7 Herbs that Grow in Shade

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Wondering what to plant in those shady areas of your landscape? There’s no need to resign yourself to standard shade-fillers, like pachysandra and ivy, when you could be growing useful herbs that thrive in low-light conditions. While many culinary herbs do require lots of direct sunlight (like basil and oregano, which originated in the sunny Mediterranean), other herbs usually listed as full-sun plants will do just fine in partial shade. Parsley, anise hyssop, lemon balm and shiso are among the best herbs for dappled light or areas that receive only a couple of hours of direct sun daily.

Other, less-familiar herbs actually prefer shade. In nature, these plants can be found growing in the dappled light below trees, or at the edges of forests, where the sun shines directly on them for only a short time each day. These plants—which include wild ginger, spicebush and sweet woodruff—will do beautifully in a shady garden site, and will add enticing new flavors and aromas to your cooking.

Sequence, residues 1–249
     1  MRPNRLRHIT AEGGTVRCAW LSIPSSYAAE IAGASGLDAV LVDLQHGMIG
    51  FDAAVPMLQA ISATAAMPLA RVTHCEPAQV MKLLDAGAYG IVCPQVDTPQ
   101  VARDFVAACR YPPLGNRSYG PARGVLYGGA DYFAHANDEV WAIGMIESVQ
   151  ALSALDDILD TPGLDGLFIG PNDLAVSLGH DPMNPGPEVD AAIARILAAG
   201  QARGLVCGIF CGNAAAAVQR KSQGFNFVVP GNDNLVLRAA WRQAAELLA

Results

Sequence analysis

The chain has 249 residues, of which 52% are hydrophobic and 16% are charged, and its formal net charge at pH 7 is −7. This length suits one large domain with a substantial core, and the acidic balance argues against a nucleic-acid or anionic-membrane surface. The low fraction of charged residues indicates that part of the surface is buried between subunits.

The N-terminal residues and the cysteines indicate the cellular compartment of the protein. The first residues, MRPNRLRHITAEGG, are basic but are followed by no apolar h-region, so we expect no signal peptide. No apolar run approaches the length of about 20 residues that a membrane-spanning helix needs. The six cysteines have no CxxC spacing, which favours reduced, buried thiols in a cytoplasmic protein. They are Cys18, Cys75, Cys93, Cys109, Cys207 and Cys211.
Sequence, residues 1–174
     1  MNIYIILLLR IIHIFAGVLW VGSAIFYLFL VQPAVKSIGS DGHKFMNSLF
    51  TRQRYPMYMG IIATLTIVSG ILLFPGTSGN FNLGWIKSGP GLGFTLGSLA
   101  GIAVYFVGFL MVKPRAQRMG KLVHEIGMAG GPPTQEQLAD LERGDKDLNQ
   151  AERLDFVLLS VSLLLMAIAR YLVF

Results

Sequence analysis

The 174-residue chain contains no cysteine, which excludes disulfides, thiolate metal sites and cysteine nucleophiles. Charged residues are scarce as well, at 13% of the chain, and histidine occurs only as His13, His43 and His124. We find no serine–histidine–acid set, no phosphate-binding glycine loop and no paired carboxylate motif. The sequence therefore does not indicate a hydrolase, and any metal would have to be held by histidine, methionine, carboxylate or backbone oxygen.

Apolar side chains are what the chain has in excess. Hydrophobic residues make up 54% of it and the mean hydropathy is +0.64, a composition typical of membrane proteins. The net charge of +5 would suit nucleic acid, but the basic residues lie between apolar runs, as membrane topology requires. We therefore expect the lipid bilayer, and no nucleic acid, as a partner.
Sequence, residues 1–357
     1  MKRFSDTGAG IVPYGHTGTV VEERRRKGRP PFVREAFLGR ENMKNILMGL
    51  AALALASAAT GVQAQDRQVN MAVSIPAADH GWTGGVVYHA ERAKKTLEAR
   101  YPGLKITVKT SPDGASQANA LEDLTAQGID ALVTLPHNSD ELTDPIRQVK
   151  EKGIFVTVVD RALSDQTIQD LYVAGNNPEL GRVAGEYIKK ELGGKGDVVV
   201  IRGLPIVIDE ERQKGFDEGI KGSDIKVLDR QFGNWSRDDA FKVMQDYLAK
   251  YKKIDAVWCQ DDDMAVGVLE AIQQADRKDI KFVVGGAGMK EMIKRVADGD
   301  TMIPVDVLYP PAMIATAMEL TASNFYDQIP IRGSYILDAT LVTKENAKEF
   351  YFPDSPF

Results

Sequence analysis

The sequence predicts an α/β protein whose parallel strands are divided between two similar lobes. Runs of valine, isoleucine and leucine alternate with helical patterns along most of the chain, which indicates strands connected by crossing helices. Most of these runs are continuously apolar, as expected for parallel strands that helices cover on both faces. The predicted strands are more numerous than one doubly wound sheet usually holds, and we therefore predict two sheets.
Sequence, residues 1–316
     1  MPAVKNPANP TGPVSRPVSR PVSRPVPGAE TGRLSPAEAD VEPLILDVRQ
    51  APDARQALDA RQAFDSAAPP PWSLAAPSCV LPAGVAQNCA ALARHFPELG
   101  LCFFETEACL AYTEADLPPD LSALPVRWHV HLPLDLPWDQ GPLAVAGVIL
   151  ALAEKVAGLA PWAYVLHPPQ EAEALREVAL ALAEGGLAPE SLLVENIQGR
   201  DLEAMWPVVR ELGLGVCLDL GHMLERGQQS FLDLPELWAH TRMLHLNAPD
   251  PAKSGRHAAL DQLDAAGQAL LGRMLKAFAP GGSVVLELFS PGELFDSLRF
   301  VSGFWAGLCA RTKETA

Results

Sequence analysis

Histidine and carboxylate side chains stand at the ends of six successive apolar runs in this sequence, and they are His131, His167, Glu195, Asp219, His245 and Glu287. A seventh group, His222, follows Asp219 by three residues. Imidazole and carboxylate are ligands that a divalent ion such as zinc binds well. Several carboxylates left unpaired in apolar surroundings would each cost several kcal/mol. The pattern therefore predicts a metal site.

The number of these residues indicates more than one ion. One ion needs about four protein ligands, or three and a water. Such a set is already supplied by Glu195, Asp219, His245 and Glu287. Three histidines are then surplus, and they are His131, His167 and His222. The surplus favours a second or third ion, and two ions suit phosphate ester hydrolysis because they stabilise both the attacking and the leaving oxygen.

For beds and borders shaded by trees, fences or buildings, try one or more of these seven stars for shade.

1. Sweet woodruff
2. Anise hyssop
3. Wild ginger
4. Parsley
5. Shiso
6. Lemon balm
7. Spicebush

 

Sweet Woodruff

woodruff

 

 

 

 

 

 

A wonderful groundcover, this European native bears lacy, white flowers in late spring. A naturally moist or irrigated site is best. Both leaves and flowers have a fresh scent and make a delicately sweet tea. In Germany, the flowering tops are traditionally used to make May wine. To make your own May wine, steep flowers in Riesling wine overnight, strain out the woodruff, and add strawberries. Serve chilled.
Avoid consuming sweet woodruff if you have circulatory problems or if you are pregnant.

Anise Hyssop

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Many culinary and medicinal herbs thrive in partial or full shade. Although gardening guides continue to list anise hyssop (shown this page) as suitable for “full sun only,” this native American perennial will bloom and thrive in partial shade. Both the flowers and leaves have an intense licorice aroma and flavor. Fresh or dried, the herb makes a delicious tea that pairs well with baked goods like scones, muffins and biscotti. Dried anise hyssop leaves also can be used in place of anise seeds to flavor cookies.